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Bed Bath & Beyond said it plans to close about 200 Bed Bath & Beyond stores over the next two years to help save about $250 million to $350 million a year. BBBY stock price is down in the pre-market.
The American chain of domestic merchandise retail stores Bed Bath & Beyond Inc (NASDAQ: BBY) announced falling of its sales for around 50% in its latest quarter, even though online sales rose more than 100% during April and May, with buyers piling up on cleaning supplies and home decor. Bed Bath & Beyond stated it intends to shut down around 200 of its namesake stores for good during the next couple of years, starting later in 2020, as it will try to get back its profitability that suffered a significant fall due to COVID-19 outbreak. As of May 30, the company had a total of 1,478 stores, including 955 Bed Bath & Beyond shops.
At the time of writing the company’s stocks were falling 9.80% in pre-market trading and were trading around $9.50. However, yesterday BBBY stock closed with a 1.66% rise.
Bed Bath & Beyond Is Trying to Keep the Rest of Stores
Bed Bath, which also has the chains Buybuy Baby, Christmas Tree Shops and Harmon Face Values in its portfolio, noted it hopes these steps should bring about yearly cost savings of between $250 million and $350 million if we rule out related one-time costs.
Chief Executive Mark Tritton stated:
“We saw there were a number of stores dragging us down. We will continue to look at the rest of our concept doors, now that we have established the data criteria.”
So, if we look at the results the company had during its fiscal first quarter ended May 30, we can see it had adjusted loss per share of $1.96. Its revenue amounted to $1.31 billion while the company’s net loss narrowed to $302.29 million, or $2.44 per share, from $371.09 million, or $2.91 a share, a year ago.
Excluding one-time items, the company had a loss of $1.96 per share.
Sales went down by 49% to $1.31 billion from $2.57 billion a year ago, as the retailer’s stores had to temporarily halt its businesses shut for the most of the quarter in order to try to help curb the spread of coronavirus.
As per the Refinitiv estimates, analysts called for Bed Bath to report an adjusted loss of $1.22 per share on revenue of $1.39 billion.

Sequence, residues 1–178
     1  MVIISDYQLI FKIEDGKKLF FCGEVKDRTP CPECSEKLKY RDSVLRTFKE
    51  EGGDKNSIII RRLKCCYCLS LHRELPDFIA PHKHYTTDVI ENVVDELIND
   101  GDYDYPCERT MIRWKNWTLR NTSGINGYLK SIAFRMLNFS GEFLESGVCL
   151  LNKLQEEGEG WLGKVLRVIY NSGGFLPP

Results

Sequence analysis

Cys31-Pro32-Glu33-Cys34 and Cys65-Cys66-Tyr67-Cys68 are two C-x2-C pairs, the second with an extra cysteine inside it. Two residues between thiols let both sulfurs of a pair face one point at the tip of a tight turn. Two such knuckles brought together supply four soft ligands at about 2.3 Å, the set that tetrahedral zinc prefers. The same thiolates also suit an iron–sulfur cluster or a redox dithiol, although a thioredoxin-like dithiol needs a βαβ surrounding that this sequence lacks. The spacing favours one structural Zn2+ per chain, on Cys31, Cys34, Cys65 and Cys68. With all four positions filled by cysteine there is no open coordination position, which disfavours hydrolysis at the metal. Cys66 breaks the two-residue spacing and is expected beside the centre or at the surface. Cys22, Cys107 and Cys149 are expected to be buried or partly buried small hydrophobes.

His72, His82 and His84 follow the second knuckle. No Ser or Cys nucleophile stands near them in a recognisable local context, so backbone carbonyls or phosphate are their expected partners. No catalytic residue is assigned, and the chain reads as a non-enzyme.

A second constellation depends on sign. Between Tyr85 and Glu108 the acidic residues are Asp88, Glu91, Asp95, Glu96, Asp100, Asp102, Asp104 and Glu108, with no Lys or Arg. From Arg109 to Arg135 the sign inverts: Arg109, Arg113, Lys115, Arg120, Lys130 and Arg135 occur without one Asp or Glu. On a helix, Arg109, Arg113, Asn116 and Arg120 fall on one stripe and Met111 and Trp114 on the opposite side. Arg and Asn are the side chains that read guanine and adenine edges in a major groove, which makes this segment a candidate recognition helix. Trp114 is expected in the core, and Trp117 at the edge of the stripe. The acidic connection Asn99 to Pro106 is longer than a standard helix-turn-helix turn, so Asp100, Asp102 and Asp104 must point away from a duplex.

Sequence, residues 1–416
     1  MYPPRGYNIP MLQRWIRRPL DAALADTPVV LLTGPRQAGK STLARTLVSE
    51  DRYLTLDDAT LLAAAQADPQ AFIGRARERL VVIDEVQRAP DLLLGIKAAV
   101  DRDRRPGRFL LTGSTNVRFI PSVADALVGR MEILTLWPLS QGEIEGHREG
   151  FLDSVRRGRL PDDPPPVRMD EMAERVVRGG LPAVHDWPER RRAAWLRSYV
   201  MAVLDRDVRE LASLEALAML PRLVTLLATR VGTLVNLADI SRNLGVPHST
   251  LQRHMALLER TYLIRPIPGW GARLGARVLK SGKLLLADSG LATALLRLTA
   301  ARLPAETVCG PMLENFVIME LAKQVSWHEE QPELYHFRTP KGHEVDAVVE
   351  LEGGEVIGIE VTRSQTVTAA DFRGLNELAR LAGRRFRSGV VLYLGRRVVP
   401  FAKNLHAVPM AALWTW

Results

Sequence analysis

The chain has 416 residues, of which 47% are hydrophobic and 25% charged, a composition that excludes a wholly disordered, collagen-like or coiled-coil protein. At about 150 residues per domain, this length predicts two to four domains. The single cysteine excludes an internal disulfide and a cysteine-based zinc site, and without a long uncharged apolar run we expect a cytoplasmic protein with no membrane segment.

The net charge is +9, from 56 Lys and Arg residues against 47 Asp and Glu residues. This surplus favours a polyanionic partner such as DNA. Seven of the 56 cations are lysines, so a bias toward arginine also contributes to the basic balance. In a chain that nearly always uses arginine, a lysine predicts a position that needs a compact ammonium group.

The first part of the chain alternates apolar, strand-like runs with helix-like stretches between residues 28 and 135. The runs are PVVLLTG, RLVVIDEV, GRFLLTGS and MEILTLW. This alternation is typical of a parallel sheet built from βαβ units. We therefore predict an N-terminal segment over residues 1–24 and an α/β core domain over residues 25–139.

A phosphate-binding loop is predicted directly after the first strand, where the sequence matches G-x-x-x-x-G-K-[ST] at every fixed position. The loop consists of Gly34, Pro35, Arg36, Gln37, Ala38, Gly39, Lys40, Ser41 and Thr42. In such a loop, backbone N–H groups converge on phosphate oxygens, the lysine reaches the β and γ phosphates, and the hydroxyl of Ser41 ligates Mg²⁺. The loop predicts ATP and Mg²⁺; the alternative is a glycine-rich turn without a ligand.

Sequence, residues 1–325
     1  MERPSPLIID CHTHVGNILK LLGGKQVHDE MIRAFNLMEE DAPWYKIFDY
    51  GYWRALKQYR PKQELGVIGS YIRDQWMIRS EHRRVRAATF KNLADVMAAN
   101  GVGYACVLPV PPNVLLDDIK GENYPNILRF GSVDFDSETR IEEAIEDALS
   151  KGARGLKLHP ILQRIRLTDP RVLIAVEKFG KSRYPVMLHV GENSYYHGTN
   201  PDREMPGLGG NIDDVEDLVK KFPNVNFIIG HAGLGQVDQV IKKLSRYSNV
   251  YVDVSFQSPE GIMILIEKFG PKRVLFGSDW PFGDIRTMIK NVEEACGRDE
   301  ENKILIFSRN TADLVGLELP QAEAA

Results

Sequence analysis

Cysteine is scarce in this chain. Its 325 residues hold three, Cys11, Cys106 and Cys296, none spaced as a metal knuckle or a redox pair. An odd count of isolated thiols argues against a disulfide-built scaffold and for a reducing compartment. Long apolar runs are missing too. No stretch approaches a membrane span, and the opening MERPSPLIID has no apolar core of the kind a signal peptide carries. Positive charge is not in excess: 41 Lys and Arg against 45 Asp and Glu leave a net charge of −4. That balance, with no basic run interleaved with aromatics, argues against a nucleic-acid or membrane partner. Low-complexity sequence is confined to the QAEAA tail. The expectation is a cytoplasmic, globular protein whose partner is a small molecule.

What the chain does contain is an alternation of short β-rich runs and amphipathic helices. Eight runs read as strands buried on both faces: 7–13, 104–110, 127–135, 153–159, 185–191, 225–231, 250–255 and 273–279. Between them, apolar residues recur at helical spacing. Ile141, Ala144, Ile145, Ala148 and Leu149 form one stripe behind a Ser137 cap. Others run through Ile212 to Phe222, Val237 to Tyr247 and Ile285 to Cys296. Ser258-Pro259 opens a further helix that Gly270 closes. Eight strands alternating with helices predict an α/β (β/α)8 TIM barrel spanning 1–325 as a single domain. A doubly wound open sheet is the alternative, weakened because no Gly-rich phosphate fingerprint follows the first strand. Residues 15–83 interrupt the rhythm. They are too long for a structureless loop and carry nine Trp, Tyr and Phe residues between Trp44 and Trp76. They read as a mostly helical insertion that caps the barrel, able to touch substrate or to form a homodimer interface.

Online sales, however, rocketed by 82% in the same period, with the development of more than 100% during April and May, the company stated. Digital sales represented around two-thirds of its first-quarter sales.
Gross margins fell approximately 8 percentage points, partially because of the larger online sales that come with increased achievement and shipping costs.
Home Is Now Everything
According to Tritton, as Bed Bath’s stores are reopening, many are operating better than the company internally expected. During the outbreak, users have transferred from piling up on cleaning supplies, water filters and coffee, to different things like home decor, bedding and accessories for the backyard. He stated that this kind of trend also could help profit margins in the future.
“Home is now everything. It’s the epicenter.”
Bed Bath also noted it will not give a 2020 outlook at this time, as the pandemic still “remains volatile.”
Some retailers as are Levi’s and Macy’s could currently face closing their stores for a second time as well, as coronavirus cases are rising again in states including Florida and Texas. Some local governments are tightening restrictions and rules on which businesses may operate to try to control the outbreak. In the meantime, some companies as Apple had already reclosed dozens of stores on its own.
Bed Bath stated that it believes it has a “strong financial position” to successfully go through the crisis. It ended the first quarter with around $1.2 billion in cash and investments.